Another Record-Breaking Year for Corporate Clean Energy Purchases in 2021, Says BloombergNEF

power purchase agreement

(Credit: DLA Piper)

by | Feb 4, 2022

This article is included in these additional categories:

power purchase agreement

(Credit: DLA Piper)

Corporations purchased a record-breaking 31.1 gigawatts of clean power through power purchase agreements in 2021, according to research firm Bloomberg New Energy Finance. Purchases are up nearly 24% from 2020, the former record year at 25.1 gigawatts.

Purchases were driven by activity in the U.S., which accounted for nearly two-thirds of PPAs. Also driving growth was large technology companies, who collectively signed more than half the deals. In total, more than 137 corporations in 32 different countries publicly announced clean energy contracts in 2021.

Two prominent factors driving growth are increasing affordability of renewable energy as technologies continue to mature and the opportunity to demonstrate sustainability commitments as public and investor pressure mounts for climate action.

Kyle Harrison, Head of Sustainability Research at BNEF, commented:

“It is no longer a matter of whether corporate clean energy procurement will grow each year, it’s a matter of how much. More corporations are making new sustainability commitments, costs for renewables are plummeting and regulators around the world are slowly coming around to the fact that clean energy might be a silver bullet in the decarbonization of the private sector.”

Within the power purchase agreement market, virtual PPAs dominated the market, accounting for 12 of the 17 gigawatts represented by the U.S.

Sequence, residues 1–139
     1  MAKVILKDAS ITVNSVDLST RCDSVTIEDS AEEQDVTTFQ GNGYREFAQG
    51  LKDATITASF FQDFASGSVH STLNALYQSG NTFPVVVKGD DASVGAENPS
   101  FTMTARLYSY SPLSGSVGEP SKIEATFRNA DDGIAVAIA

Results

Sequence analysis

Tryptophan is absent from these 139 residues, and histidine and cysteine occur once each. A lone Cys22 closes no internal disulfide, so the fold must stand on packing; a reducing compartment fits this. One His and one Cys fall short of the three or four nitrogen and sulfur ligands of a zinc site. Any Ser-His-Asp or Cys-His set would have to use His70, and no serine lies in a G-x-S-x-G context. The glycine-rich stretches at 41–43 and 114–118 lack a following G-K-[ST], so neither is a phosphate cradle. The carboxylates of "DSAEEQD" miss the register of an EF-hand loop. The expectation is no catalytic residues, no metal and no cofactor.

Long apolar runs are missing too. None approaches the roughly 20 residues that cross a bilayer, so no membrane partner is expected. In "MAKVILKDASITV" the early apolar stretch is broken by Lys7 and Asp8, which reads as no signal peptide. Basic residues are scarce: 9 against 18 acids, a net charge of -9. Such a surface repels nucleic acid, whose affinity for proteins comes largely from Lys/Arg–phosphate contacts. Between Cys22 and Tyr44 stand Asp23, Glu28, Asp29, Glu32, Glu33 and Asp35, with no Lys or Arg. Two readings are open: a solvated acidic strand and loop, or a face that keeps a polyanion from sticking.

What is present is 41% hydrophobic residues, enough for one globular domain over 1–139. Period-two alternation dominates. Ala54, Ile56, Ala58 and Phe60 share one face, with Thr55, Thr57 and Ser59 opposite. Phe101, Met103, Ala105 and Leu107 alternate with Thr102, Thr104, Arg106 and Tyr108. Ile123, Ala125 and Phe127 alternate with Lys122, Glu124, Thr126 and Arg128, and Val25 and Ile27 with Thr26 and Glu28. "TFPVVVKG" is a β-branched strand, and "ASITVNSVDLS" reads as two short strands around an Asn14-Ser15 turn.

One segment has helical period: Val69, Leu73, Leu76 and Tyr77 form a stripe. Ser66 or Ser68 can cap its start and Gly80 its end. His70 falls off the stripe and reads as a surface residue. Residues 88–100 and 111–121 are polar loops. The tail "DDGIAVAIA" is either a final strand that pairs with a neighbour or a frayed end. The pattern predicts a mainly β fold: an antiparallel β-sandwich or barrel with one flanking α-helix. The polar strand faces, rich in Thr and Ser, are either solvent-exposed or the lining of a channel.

With regard to tech companies, Amazon was the largest PPA buyer with 44 offsite PPAs in nine countries totalling 6.2 gigawatts. Amazon is the 12th largest energy buyer overall and the top corporate energy buyer with a total PPA capacity of 13.9 gigawatts. Microsoft and Meta have the next largest among corporations, at 8.9GW and 8GW, respectively. Previously, Google led the corporate clean energy pack, but has turned its attention to sourcing 24/7 carbon-free power through methods outside of PPAs.

Helen Dewhurst, Senior Associate at BNEF, commented:

“The clean energy portfolios of big tech companies now rival those of the world’s biggest utilities. Big tech faces mounting pressure from investors to decarbonize and this is reflected in the steep increase in clean energy volumes purchased. The PPAs inked in previous years pale in comparison to the portfolios announced in 2021.”

Sixty seven companies set an RE100 target in 2021, pledging to offset 100% of their electricity demand with clean energy. In total, the campaign represents 355 members across 25 countries.

Additional articles you will be interested in.

Stay Informed

Get E+E Leader Articles delivered via Newsletter right to your inbox!

This field is for validation purposes and should be left unchanged.
Share This